• It also magnifies the extreme weather it shelters us from. Taking in all stages of production, concrete is said to be responsible for 4-8% of the world’s CO2. Among materials, only coal, oil and gas are a greater source of greenhouse gases. Half of concrete’s CO2 emissions are created during the manufacture of clinker, the most-energy intensive part of the cement-making process.
    • The Pantheon and Colosseum in Rome are testament to the durability of concrete, which is a composite of sand, aggregate (usually gravel or stones) and water mixed with a lime-based, kiln-baked binder. The modern industrialised form of the binder – Portland cement – was patented as a form of “artificial stone” in 1824 by Joseph Aspdin in Leeds. This was later combined with steel rods or mesh to create reinforced concrete, the basis for art deco skyscrapers such as the Empire State Building.
  • Australian mammal becomes first to go extinct due to climate change: A small brown rat which lived on a tiny island off northern Australia is the world's first mammal known to have become extinct due to "human-induced climate change," the government says.
    • "If temperatures continue to rise, nearly 8% of all species worldwide could become extinct, a 2015 study by the University of Connecticut found. Australia, New Zealand and South America are considered to be at highest risk." — ael: a complete mis-characterization of the study mentioned.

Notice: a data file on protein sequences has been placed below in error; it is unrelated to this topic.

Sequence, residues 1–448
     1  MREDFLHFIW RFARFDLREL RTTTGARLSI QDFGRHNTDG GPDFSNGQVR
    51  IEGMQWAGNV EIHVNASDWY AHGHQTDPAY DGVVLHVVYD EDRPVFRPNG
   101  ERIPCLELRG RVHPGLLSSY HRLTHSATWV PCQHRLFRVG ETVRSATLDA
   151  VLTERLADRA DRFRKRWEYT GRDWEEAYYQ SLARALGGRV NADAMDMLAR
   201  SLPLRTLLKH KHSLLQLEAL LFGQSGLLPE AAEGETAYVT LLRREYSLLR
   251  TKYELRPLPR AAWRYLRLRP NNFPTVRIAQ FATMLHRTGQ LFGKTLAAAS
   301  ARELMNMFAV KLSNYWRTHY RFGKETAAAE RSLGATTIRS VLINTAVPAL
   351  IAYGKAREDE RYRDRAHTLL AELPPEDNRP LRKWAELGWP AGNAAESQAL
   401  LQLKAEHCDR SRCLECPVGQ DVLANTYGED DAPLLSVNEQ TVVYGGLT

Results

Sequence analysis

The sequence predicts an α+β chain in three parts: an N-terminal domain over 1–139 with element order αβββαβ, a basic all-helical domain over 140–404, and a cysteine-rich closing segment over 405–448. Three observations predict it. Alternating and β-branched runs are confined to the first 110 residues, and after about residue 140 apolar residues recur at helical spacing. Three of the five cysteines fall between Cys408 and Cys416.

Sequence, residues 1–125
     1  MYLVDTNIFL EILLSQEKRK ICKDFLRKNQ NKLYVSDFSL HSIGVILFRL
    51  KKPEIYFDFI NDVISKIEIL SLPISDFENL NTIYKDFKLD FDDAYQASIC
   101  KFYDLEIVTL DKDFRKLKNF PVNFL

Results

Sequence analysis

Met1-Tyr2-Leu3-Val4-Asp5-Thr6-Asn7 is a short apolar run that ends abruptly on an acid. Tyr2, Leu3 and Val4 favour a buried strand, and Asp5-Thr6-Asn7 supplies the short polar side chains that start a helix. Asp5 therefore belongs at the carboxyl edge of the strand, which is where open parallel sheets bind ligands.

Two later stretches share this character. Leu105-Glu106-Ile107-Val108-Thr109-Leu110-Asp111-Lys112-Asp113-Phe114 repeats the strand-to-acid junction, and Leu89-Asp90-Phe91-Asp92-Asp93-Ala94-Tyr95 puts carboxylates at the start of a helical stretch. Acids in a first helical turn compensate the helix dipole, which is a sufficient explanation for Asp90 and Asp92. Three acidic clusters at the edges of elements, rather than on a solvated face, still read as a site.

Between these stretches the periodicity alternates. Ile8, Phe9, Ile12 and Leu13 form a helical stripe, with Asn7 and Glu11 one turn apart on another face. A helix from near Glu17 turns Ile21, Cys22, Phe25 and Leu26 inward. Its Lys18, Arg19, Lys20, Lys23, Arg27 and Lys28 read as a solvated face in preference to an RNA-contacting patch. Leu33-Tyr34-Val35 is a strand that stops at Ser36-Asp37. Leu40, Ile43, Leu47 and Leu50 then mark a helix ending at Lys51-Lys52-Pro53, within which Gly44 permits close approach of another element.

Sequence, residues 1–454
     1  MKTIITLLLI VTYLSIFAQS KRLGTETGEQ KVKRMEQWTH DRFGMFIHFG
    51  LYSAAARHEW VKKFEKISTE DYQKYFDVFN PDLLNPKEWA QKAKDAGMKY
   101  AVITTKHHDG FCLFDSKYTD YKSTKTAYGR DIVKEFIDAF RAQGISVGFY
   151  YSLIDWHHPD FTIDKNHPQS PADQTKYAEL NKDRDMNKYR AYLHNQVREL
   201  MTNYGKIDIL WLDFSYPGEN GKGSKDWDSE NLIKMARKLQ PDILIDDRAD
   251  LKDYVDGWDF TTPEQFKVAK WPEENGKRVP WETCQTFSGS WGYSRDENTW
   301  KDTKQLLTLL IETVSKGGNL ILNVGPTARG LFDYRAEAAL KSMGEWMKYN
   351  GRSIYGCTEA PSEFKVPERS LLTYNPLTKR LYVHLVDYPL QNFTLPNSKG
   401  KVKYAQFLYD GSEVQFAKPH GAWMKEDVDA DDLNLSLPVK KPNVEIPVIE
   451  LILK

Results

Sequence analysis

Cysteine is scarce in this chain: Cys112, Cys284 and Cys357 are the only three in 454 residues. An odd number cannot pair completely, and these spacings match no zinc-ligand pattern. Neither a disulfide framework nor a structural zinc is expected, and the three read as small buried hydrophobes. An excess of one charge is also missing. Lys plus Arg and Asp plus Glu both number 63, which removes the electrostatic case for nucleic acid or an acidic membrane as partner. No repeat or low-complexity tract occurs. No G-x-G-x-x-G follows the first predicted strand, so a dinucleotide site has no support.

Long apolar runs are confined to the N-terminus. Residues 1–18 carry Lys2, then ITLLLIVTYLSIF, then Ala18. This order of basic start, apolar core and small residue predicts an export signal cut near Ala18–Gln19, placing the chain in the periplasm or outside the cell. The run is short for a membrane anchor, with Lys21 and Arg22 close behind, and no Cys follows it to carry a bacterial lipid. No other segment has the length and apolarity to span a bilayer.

• Neglected threat: Kingston’s toxic ash spill shows the other dark side of coal: Workers who cleaned up a huge spill from a coal ash pond in Tennessee in 2008 are still suffering—and dying. The U.S. has 1,400 ash dumps.
    • On December 22, ten years to the day after a dike ruptured at a Tennessee Valley Authority power plant near Kingston, Tennessee, pouring more than a billion gallons of toxic coal ash into the Emory River, TVA took out a full-page ad in the local paper to congratulate itself and its contractors on a cleanup job well done. That same day, about 150 of the workers who actually cleaned up the spill gathered at the site, which is now a park with hiking trails, boat ramp, and ball fields. Standing in blue jeans and work boots near a homemade wooden cross, they commemorated a different aspect of the cleanup: their 36 coworkers who’ve died from brain cancer, lung cancer, leukemia, and other diseases.